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Make the DSLR footage less 'greenish'

green footage greenish canon 60d cinestyle wrong white balance

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#1 Twan Peeters

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Posted 27 May 2014 - 09:40 AM

Hi there,

 

I'm a relative inexperienced colour-grader and I am having some issues with my footage. I was wondering if someone here could give me some advice to improve the outcome of the colourgrade! The problem is that I think that the colours look really 'greenish' in the end.

 

Now as you can see, the raw footage that came out of the camera is really yellow. I balanced my camera by making a picture of a white sheet of paper and setting the white balance to custom (On a Canon 60D with Cinestyle). I think I should have just put the white balance to White Fluorescent Lightning.

 

2ziq9go.jpg

 

So the first thing I did was brighten the image up a bit with Colorista.

 

2digetf.jpg

 

Then I used Curves to add the contrast that I want. This makes the image even more yellow.

 

2mct4s7.jpg

 

To make the image colder again I added a 'cooling filter' by using Magic Bullet Looks. Normally this works perfect to do minor white balance adjustments, but in this case it seems to make the image really greenish.

 

2z5pqx2.jpg

 

I hope someone can give me advice on how to fix this! From now on I won't be using 'custom whitebalance' on my DSLR anymore..

 

Cheers, 

Twan


Edited by Twan Peeters, 27 May 2014 - 09:42 AM.

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#2 Phil Rhodes

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Posted 27 May 2014 - 10:28 AM

Doesn't look to be too much wrong with that - the interior is warm, but then the exterior through the window is slightly cool. Neither is beyond correction.

 

Can I ask why you were using Cinestyle? It's designed for some fairly specific circumstances, and may provoke problems in others (such as needing to add a lot of contrast).

 

P


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#3 Stuart Brereton

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Posted 27 May 2014 - 10:39 AM

 

 

Can I ask why you were using Cinestyle? 

Because it makes a DSLR look like an Alexa, Phil. Everyone knows that!

:)


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#4 Phil Rhodes

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Posted 27 May 2014 - 10:45 AM

Mutter, grumble.


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#5 Stuart Brereton

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Posted 27 May 2014 - 12:58 PM

Mutter, grumble.

My experience of Cinestyle is that by the time you have pushed the blacks back down to get rid of the noise and added back a reasonable amount of contrast, where you end up looks suspiciously like the Neutral setting.


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#6 Phil Rhodes

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Posted 27 May 2014 - 01:21 PM

With lots of extra quilting and macroblocks, yes.


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#7 Twan Peeters

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Posted 27 May 2014 - 04:16 PM

Thank you all for the fast responses!! 

 

Doesn't look to be too much wrong with that - the interior is warm, but then the exterior through the window is slightly cool. Neither is beyond correction.

 

Can I ask why you were using Cinestyle? It's designed for some fairly specific circumstances, and may provoke problems in others (such as needing to add a lot of contrast).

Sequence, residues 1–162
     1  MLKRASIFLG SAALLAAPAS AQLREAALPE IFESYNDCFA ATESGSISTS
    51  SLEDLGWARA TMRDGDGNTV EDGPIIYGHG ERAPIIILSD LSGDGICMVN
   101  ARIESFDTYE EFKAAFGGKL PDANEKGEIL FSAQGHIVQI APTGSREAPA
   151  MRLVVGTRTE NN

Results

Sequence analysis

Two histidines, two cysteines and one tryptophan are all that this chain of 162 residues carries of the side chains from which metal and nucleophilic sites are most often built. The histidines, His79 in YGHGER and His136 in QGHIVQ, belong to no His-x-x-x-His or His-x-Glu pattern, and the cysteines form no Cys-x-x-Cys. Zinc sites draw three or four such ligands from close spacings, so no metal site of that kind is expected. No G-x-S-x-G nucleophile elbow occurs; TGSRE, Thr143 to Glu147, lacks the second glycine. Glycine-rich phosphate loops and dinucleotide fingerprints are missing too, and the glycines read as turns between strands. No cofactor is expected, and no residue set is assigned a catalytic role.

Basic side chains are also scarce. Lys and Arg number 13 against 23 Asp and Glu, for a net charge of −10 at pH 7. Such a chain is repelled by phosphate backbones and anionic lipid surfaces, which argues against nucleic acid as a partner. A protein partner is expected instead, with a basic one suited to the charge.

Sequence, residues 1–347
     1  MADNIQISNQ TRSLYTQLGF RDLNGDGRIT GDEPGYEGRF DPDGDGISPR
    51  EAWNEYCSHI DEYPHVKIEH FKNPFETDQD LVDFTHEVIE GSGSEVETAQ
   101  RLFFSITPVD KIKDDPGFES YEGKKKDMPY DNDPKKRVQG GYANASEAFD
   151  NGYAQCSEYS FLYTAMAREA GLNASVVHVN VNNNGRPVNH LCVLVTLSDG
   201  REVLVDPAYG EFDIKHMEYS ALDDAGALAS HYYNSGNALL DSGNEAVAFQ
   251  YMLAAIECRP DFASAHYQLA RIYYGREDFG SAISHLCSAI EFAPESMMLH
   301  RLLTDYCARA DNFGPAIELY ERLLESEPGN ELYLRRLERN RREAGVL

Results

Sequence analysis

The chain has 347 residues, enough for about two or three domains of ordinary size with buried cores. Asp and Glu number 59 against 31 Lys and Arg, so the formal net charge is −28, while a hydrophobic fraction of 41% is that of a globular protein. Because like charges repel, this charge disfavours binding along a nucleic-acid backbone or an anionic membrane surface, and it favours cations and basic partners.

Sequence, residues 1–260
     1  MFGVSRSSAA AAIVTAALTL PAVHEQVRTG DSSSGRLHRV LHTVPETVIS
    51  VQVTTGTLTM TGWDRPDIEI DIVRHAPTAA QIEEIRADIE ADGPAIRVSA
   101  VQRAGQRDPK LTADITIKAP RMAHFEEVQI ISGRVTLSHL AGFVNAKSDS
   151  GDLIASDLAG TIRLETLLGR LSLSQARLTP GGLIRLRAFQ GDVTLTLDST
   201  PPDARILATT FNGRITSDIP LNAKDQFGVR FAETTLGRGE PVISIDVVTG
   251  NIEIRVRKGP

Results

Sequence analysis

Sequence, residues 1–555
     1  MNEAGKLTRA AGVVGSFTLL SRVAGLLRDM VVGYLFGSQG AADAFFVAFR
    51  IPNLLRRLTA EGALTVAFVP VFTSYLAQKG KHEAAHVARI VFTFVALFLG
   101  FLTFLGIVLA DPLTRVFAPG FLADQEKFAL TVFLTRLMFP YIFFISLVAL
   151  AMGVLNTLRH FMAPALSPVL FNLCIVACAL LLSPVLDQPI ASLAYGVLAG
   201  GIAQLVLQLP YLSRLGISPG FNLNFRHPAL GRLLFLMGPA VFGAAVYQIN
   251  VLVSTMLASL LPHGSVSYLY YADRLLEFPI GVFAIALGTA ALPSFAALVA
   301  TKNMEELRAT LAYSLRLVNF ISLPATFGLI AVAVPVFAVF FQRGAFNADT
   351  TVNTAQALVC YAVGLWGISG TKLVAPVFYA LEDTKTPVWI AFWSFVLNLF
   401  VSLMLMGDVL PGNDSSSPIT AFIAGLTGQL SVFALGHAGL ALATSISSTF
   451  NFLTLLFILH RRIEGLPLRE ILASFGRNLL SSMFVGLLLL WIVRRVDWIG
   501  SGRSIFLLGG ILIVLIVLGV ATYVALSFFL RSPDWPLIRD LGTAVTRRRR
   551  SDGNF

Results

P

 

I don't know.. The look did not really satisfy me and seemed very unnatural to me. Maybe it's because the available light in the classroom was horrible to begin with! 

 

I started using Cinestyle because people advised me too, since it prevents completely crushed blacks. Also I like to use the plugin Filmconvert on my footage to give it a more cinematic look. Cinestyle seems to work nicely together with Filmconvert. But if you have any advise on other color profiles I'm always searching for better options!

 

Because it makes a DSLR look like an Alexa, Phil. Everyone knows that!

:)

 

Well it does seem to help to give my footage a more cinematic look in the end :)

 

My experience of Cinestyle is that by the time you have pushed the blacks back down to get rid of the noise and added back a reasonable amount of contrast, where you end up looks suspiciously like the Neutral setting.

 

I do agree.. A lot of times my footage ends up in a way that would be sort of the same as the neutral color profile. I'm still trying to find the most efficient way of filming and editing. Cinestyle works for now.

 

Is it true that Cinestyle gives your footage more noise? Lately I think my footage has way more noise than it used to have, but I don't know what is causing this.


Edited by Twan Peeters, 27 May 2014 - 04:18 PM.

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#8 Phil Rhodes

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Posted 27 May 2014 - 05:40 PM

It does look a bit like the sort of yellowish light from "warm white" fluorescent light (whether that's compact fluorescent or tubes, or whatever). White balancing sometimes doesn't help with this - it'll get as close as it can, but there are often large gaps in the output spectrum of cheap fluorescent lighting which are difficult or impossible to correct for.

 

Any very low contrast preset will increase noise, or at least compression artifacts. The low-contrast output of high-end cameras like Alexa and F65 is useful because they record to very lightly compressed or uncompressed recordings. A DSLR like yours, by default, records heavily compressed footage. If you record a low-contrast image that way, then add contrast back in to make it look normal later, you will naturally exacerbate the appearance of compression artifacts.

 

Low-contrast or log-style presets only make sense for cameras with low compression. With a DSLR, unless you are able to run Magic Lantern and record raw, you need to get closer to the final look in camera.

 

When I shoot with cameras like yours, I use the "natural" or "neutral" picture style, and decrease the contrast and sharpness by a click or two, then do the best I can to make things look right in camera.

 

P


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#9 Twan Peeters

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Posted 28 May 2014 - 12:04 PM

Thanks a lot for your help and tips Phil, this is really helpful.